The vast majority (81%) are aware that the current economy will make it more difficult for them to obtain a mortgage.
Over the past year, 1.6 million more people in the UK have gained adverse credit, bringing the total number to 7.91 million. Meanwhile, 33% of those with adverse credit say their unsecured debt has increased during that time.
It is not just adverse credit that could make for an increase in the need for specialist mortgages in 2023. As of October 2022, there were approximately 4.2 million self-employed people in the UK, according to Statista, while our research shows that 77% felt this would make it more difficult to be approved for a mortgage. Meanwhile, 25% of all workers earn a variable income.
Whether it is adverse credit, a complex income, or a combination of factors, brokers should see 2023 as an opportunity to help more customers understand the role of specialist lenders in catering to the increasing number of people in the UK who do not fit within the tight parameters of the mainstream mortgage market. Helping those customers who believe they have limited options is a good way of building customer loyalty and long-term relationships.
Duty of care
From July 2023, the Financial Conduct Authority (FCA) confirmed that new Consumer Duty regulations will be in place for ‘new and existing services that are open to sale or renewal’. These regulations aim to set higher standards of consumer protection, put customer needs first, and deliver good outcomes.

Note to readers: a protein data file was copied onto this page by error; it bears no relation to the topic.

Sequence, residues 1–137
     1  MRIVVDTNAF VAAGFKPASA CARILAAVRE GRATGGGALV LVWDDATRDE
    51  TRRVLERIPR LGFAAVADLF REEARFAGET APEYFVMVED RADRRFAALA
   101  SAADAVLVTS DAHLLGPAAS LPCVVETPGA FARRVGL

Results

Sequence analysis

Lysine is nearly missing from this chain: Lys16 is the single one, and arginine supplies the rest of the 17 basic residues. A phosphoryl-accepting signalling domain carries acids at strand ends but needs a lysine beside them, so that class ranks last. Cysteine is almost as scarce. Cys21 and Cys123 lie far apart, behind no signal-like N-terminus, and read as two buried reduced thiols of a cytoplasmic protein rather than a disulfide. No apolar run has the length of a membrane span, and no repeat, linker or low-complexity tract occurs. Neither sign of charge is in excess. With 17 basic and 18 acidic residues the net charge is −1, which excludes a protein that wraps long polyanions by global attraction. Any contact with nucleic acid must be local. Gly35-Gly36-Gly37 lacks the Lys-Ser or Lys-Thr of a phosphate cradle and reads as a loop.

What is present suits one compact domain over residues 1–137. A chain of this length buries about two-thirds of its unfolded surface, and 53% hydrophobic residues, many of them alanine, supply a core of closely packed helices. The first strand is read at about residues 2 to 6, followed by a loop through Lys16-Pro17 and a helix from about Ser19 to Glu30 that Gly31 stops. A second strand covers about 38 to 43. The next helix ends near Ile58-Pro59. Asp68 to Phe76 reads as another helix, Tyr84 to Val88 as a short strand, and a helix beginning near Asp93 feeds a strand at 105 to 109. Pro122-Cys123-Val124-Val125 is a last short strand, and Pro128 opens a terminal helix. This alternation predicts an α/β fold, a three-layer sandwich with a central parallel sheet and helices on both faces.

Of course, all of these are things we would hope anyone in this market already adheres to, but the reality is that the FCA has set out some very clear parameters that need to be taken note of, even by those who already believe they provide a good level of customer care.
Most notably, it has codified an expectation that customers should be provided with comprehensive and holistic advice, with clear information and signposting to solutions that fit their specific needs, regardless of whether the firm, broker or adviser in question has expertise in that area. This is particularly relevant to the specialist market, as it means brokers with limited experience with these mortgages should still help their customers explore these options or refer them to someone who can.
This is only going to become more important as all the factors already discussed start to push even more borrowers into the specialist category, who might previously never have considered it. It is time, then, to start brushing up on your specialist knowledge.
Lenders like Pepper Money should be a first port of call for anyone looking to tap into the longstanding experience of the specialist market, as well as an understanding of how the changes on the horizon for the coming year might affect your customers, and how you can help them achieve the best consumer outcomes. Make use of the resources available, speak to your BDMs and prepare to recognise the opportunity within the challenge, and 2023 could be the year to deliver good outcomes in difficult times.